Music lost on KL

That Kuala Lumpur exists and her beauty lost to so many is beyond me.

Erykah Badu and the free speech paradox

Free speech has its limits. That’s the paradox of the First Amendment.

America

It had been a 14 hour long flight, after an earlier 6 hours flight. I was flying to Evansville, Indiana, to undertake a one semester study grant by the US Department of State. So there I was, jetlagged and tired but finally, on United States of America soil. It was my first time on a plane and crossing oceans. There was excitement but my tired body was struggling to keep up with it. It didn’t help that at the Atlanta Hartsfield Airport where I was transiting, there was a long line at US Customs. I was not in the best mood.

A Lawyers’ March … Fuh!

Labels – most commonly used by confused hormonal teenagers desperately grappling for an identity; may be manipulated by the media and bitchy, good-looking girls and boys to determine social hierarchy in high school. The thing about labels is that we usually grow out of them when we graduate from high school and discover that there are more pressing things at hand like mortgages and stagnant wages.

Why I don’t enjoy nasi lemak any more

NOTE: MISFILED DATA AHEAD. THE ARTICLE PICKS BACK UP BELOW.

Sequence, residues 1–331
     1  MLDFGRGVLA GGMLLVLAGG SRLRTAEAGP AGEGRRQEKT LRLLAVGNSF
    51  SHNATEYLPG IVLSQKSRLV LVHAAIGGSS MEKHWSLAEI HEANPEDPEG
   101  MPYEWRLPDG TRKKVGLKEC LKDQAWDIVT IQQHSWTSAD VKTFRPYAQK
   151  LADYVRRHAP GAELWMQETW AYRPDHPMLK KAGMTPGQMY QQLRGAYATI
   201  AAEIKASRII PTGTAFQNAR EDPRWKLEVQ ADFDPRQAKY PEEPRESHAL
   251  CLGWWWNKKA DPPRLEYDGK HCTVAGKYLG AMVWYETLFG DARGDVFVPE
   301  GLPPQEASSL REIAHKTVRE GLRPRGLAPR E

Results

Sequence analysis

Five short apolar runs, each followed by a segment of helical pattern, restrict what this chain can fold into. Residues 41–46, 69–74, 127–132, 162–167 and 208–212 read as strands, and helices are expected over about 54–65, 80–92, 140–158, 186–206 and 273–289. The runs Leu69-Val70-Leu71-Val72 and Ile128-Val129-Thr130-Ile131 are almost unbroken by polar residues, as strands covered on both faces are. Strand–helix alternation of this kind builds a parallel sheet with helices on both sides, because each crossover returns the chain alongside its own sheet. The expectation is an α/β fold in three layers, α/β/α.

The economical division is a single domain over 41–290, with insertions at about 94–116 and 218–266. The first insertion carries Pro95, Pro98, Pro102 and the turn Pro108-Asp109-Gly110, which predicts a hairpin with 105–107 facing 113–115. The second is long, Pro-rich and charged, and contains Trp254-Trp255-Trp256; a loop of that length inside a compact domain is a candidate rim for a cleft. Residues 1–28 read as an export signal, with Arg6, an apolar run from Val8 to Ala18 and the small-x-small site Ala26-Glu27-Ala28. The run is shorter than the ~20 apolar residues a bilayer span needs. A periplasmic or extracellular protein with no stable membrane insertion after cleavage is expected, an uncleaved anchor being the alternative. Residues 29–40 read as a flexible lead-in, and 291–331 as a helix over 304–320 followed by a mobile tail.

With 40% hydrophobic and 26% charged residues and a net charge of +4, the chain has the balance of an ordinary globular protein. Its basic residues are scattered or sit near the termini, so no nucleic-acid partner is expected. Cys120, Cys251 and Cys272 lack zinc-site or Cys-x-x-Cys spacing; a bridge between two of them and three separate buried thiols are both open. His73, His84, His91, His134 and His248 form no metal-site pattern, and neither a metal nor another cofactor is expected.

The Auditor General Report 2010. Nasi Lemak 2.0. What do they have in common? Yes, that’s right – our nation is bankrupt.

Our merciless society

Amy Winehouse was a soul singer from a town called Camden in England. Her powerful voice was first discovered by Simon Fuller, found critical acclaim in her first album Frank and phenomenal worldwide success in her breakthrough album Back to Black.

First-class Malaysian sporting heroes

They’re everywhere! Flying, reading minds, attracting metals, smashing buildings into pulp. It’s hero-invasion season now. X-Men: First Class had barely ended before The Green Lantern swooped in, and soon, we will have Captain America.

Girls and subcultures

Don’t accept the old order. Get rid of it.So says Johnny Rotten, vocalist of the Sex Pistols. That’s what subcultures are all about: rejection of mainstream society, whether in the form of music, fashion, visual arts, dance, literature, films, etc. A subculture’s intention is to differentiate itself.

Young and Sarawakian/Malaysian

Good things come in pairs. In my case, they came in threes. They came in the form of three close friends from St Joseph, Kuching, who flew across the pond to pursue their A Levels.

A refuge for the young ones

"We lived on farms, then we lived in cities, and now we’re going to live on the internet!” - Sean Parker, The Social Network

 

A fun riot, indeed

"We can do what we like, no one can stop us." Early last month, London and a couple of other cities were held hostage by rioters. The English's castles were looted by 14-year- olds in hoodies.

Though this sounds comical, the underlying issues of the youths involved are gritty and not to be taken lightly.